Mapping out security at the UK’s High Streets and Inner City Malls
There is debate as to whether or not Napoleon actually said it, but it is certainly true that Britain is a nation of both shopkeepers and shoppers.
Of course, the activity of shopping has changed dramatically in recent decades. The High Street is no longer the primary site for bricks and mortar retail, and inner city shopping centres (malls) and out-of-town retail parks are where we increasingly do our real world shopping.
Security Strategy for Retail Centres
From a security point of view, the change in the retail landscape presents both challenges and opportunities. These need to be well understood because, while we all love shopping, we have to recognise that retail centres present lucrative and high value targets for criminal activity, ranging from low level anti-social behaviour through to major terrorism. So any strategy for protecting our retail centres needs to be broad and conscientious, and crucially needs to understand each distinct environment if it is to provide effective protection for businesses and shoppers.
The seriousness of the threat is proven. While the recent attack on the Olympic Park shopping centre in Munich does not appear to be related to a recognised terrorist group or motive, it shows how vulnerable these sites are. And we need only to look back to the Omagh bombing of 1998 to understand how devastating an attack on a seemingly serene High Street shopping environment can be.
At a lower level, retail centres are of course the natural hunting grounds for lesser criminals – the anti-social youths, shoplifters, thieves and pickpockets – and they will remain so. The potential pickings are too good to resist.
Challenges for the Inner City Mall
The situation is challenging for inner city shopping centres and malls. These tend to be retail enclaves within a wider organic urban environment, and therefore the typical mall will have several entry points and a more fluid and ever-changing footfall that will be difficult to monitor.
The more modern and substantial malls often include car parks which are below the main pedestrian and retail areas, so the threat of a terrorist bomb, if big enough, would present significant risk of structural damage and collapse. The 1993 attack on New York’s World Trade Centre, in which a truck loaded with explosives was detonated in an underground car park, was an attempt to achieve just this result, but on a grandiose and truly repulsive scale.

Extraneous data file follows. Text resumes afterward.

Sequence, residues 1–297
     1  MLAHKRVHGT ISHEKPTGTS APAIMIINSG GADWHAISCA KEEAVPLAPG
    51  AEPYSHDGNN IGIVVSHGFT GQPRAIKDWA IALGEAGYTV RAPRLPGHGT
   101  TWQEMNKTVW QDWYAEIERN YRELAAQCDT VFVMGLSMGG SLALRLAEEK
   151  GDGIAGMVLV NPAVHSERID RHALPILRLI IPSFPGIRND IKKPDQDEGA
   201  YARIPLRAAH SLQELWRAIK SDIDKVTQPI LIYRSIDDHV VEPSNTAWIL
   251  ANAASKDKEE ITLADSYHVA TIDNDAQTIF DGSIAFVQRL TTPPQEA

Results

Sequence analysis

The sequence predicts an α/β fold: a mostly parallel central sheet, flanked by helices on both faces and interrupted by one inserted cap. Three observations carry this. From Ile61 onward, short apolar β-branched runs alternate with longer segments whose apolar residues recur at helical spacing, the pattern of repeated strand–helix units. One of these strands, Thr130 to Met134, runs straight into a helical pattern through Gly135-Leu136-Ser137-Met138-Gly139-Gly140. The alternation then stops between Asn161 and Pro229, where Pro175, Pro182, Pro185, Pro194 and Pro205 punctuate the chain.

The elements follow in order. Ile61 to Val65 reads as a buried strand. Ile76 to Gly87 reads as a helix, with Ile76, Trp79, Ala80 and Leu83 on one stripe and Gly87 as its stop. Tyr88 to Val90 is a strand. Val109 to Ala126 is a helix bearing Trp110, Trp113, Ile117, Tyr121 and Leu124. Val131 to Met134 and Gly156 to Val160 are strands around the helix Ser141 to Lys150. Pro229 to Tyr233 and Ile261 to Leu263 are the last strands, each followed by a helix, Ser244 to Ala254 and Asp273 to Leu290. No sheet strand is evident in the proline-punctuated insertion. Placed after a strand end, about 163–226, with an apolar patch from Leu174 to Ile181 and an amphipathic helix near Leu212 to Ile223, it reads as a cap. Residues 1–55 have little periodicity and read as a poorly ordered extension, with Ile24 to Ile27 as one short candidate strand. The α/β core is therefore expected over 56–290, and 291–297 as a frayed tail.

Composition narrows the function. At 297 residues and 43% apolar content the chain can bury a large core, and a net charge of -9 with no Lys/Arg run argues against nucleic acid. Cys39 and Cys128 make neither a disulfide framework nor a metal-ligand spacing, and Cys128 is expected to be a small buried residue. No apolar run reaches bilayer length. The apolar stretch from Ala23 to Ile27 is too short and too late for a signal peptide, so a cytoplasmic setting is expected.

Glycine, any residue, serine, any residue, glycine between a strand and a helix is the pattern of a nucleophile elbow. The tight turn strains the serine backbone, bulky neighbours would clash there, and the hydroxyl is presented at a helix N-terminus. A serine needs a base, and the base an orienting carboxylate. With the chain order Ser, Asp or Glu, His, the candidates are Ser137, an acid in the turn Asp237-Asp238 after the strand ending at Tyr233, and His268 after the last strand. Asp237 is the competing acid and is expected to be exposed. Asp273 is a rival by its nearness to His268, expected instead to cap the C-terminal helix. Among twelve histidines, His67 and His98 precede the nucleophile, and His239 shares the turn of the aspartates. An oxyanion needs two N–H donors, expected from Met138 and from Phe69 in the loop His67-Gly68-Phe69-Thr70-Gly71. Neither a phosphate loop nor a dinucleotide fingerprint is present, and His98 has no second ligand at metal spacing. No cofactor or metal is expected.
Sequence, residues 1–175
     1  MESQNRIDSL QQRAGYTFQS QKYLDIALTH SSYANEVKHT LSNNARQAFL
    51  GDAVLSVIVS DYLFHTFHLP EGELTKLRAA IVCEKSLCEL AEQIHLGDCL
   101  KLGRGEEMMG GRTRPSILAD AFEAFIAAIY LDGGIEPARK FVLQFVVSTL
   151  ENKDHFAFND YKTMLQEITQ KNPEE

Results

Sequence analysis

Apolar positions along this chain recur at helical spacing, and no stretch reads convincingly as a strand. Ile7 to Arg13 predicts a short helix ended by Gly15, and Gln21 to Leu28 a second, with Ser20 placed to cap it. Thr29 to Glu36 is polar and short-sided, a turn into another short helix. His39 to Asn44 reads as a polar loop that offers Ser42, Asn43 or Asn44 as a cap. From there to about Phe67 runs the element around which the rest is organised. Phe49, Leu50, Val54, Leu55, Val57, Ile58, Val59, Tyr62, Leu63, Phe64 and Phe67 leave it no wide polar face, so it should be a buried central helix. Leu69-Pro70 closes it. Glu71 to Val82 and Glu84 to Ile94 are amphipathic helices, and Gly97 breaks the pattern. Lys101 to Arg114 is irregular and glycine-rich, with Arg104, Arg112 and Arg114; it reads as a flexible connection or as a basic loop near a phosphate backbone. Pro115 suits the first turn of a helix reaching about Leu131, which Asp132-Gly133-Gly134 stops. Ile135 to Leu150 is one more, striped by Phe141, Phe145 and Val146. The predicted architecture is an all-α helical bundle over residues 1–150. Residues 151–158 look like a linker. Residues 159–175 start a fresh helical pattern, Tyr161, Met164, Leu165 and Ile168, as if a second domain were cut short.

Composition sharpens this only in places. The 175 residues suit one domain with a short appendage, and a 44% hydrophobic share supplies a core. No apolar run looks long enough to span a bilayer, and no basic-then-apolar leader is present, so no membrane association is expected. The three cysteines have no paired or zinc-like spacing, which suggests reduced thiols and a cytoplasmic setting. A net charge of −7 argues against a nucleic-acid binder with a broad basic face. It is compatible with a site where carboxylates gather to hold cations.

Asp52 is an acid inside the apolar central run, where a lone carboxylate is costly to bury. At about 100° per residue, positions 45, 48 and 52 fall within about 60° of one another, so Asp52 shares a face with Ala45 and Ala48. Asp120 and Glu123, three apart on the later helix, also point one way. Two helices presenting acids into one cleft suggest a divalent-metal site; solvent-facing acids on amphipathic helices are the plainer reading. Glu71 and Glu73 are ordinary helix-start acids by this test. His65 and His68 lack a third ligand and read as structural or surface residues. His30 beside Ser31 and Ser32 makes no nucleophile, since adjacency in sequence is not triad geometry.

At a lower level of crime, it is easy for thieves and pickpockets to move in and out of a mall, and therefore they are more difficult to monitor and apprehend. But at the same time there will be in place high levels of CCTV monitoring and connectivity between mall management and resident businesses, which considerably empowers the security stance.
Connecting up the High Street
High Streets rarely, if ever, benefit from such connectivity or management. There will not be a central management office and businesses will usually operate in isolation, making it very hard to disseminate information or synchronise an evacuation if needed. Aside from an on-the-street police presence, and the occasional employment of additional security by councils or Business Improvement Districts, most High Streets lack any sort of coordinated security presence, and it is difficult to envisage any way in which they can be made any more secure.
There is, however, a system in place that even the smallest High Street independent retailer should consider. The Cross-Sector Safety and Security Communications (CSSC) initiative, detailed earlier in this magazine, is a partnership between law enforcement agencies, local and national government organisations and private sector businesses that is proving highly effective and, if broadened, could prove a model for even the most remote High Street.
Intelligence about major threats and incidents can be better disseminated through such networks, quickly and efficiently. The communications technology is ubiquitous, all that’s needed is for High Street business communities to come together to take advantage of the opportunity. It would put such local traditional retail communities on a more equal security footing with their more organised neighbours in the malls and retail parks.
When policing busy retail centres there will an additional challenge of political sensitivity and ensuring security does not negatively dominate the shopping experience. In the UK we like to know security is there to protect us, but we feel uncomfortable if it is intrusive or domineering.
As a society we also feel uncomfortable with obvious profiling when delivering the security function. This latter point takes on additional importance in an environment which is dominated by fears of Islamic terrorism. As current events in the United States show, there is a risk of significant damage to the fabric of society of profiling on a racial or religious level, so security and policing needs to be handled sensitively, especially in our High Streets where the cultural mix of retailers and shoppers is the most varied.